Learning about social media might seem to be a waste of time for a business. “Why should I concern myself with social media like myspace, twitter, buzz, and facebook?” you might ask. After all, if people are trying to network casually with one another, then wouldn’t they frown upon apparent corporate intrusion?
Have you ever walked into a grocery store, filled your cart with items, and then had to leave without making it through the checkout line? Most people don’t leave a grocery store without checking out once they’ve put items they want into their cart. Unfortunately for ecommerce businesses, this scenario happens all too often.
Can your cart abandonment rate be improved? Yes – Here are several things you can do to get people to buy instead of leaving their cart before they checkout.
Always start with a plan when you redesign a website.
Looking to redesign your website? If so, you probably have a list of things to check for usability problems.
Creating a customer friendly redesign typically means evaluating the current functionality of elements such as navigation, search, checkout process, shopping carts, and page design.
While each of these elements can influence usability and should be evaluated , don’t assume that checking off elements on a list like this one will give your customers exactly what they’re looking for.
Ideally, it would be terrific if every person on the planet were in need of your product; however, due to a variety of factors, only a segment of the population will see the need to buy what you are marketing, and it is these individuals that are your target market.
There are three phases of a successful testing project: planning, testing, and evaluating, according to Bryan Eisenberg and John Quarto-vonTivadar in “Always Be Testing”.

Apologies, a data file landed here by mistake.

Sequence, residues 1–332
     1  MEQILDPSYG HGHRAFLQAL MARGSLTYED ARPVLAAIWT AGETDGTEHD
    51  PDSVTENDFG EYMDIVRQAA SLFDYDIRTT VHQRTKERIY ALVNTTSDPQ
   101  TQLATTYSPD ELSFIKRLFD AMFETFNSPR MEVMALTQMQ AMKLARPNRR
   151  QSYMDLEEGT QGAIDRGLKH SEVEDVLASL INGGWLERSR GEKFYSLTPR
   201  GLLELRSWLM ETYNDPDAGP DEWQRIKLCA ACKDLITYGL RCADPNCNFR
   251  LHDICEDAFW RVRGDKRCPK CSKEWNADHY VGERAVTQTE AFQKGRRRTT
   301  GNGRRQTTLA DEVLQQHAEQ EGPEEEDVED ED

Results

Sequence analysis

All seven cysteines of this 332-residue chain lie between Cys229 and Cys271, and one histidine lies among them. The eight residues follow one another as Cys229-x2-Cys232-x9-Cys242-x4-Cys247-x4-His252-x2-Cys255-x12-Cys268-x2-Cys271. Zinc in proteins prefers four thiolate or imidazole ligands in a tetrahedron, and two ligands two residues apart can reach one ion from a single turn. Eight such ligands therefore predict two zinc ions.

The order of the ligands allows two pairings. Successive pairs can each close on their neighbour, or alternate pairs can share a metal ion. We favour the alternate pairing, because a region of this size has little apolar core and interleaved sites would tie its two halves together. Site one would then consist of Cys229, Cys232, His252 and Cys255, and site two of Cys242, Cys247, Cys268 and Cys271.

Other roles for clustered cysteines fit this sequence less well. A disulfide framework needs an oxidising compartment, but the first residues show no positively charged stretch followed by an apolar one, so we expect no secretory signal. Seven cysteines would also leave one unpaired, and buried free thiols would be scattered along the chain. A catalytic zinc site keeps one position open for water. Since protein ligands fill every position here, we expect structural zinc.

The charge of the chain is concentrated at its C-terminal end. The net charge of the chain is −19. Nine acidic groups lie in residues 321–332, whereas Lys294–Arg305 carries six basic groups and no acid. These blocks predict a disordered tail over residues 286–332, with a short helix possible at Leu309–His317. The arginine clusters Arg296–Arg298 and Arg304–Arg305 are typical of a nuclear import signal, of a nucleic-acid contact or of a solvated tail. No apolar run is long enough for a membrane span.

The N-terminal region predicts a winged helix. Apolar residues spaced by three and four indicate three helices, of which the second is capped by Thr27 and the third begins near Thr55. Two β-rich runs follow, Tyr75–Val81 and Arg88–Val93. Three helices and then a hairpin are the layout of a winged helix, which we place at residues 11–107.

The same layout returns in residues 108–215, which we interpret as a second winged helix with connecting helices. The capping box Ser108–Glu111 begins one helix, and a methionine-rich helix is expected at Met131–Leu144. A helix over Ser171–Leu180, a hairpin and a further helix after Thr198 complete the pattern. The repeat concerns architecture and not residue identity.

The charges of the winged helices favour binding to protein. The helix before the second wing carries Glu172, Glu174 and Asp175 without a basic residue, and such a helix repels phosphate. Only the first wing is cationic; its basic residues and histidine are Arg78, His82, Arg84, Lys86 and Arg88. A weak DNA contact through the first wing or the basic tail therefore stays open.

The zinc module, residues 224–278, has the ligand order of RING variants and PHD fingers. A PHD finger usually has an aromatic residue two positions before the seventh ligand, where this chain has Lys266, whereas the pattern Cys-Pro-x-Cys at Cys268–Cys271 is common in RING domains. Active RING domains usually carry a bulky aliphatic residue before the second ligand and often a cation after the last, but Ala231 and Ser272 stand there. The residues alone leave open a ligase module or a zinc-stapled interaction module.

The planning stage allows companies to put together an actionable strategy that will enable them to target their tests in order to achieve the greatest results. It also allows you to set goals, determine current metrics, and decide how to evaluate changes.
The second stage involves actual testing. Since you already have a plan in place, you’ll be able to work methodically through this stage rather than randomly testing elements across your website. This is the stage in which you’ll design different versions of the pages you want to change in order to determine which one will work the best in accomplishing your overall goals for your website.
Finally, after you’ve completed your testing, you can sit back and take a look at the data you’ve gathered in order to determine what the numbers mean for your website. This stage will allow you to choose the most successful test elements and implement then in your web page with the goal of increasing conversion rates.
As we learned in the case study of Jigsaw in Chapter 10 of “Always Be Testing”, after strategically implementing this three stage process, Jigsaw achieved a conversion rate increase of over 200%
As you begin your testing strategy, you’ll be pleased with the results that come through methodical testing rather than random guesses. In addition, you’ll be able to apply specific results broadly by determining from them how your visitors interact with your site, thereby enabling you to improve overall site performance.
Your website may have hundreds, even thousands, of unique visitors each week – but what do those numbers mean if they aren’t purchasing your product?
Of course, the best ways to turn your visitors into customers are through your reputation and the value you provide, but improving your conversion copywriting can also help to transition people into the mindset to purchase your product.
Here are several tips to convert your casual, interested, and engaged visitors into satisfied, paying customers through conversion copywriting.
Your call to action takes top priority when it comes to conversion optimization.
No matter how great the rest of your site may be, weak calls to action will guarantee a low conversion rate.
On the other hand, a strong call to action can make up for some weaknesses in other areas of your site.
Take a look at these five tips for ideas on creating a call to action that communicates.
One of the things we always ask every small business owner we deal with is, do you want your potential customers to contact you, and we’ve never yet had anyone say no. Many respond with “why do you ask?” And our response is always the same – from the customer’s perspective it doesn’t look like you want them to contact you.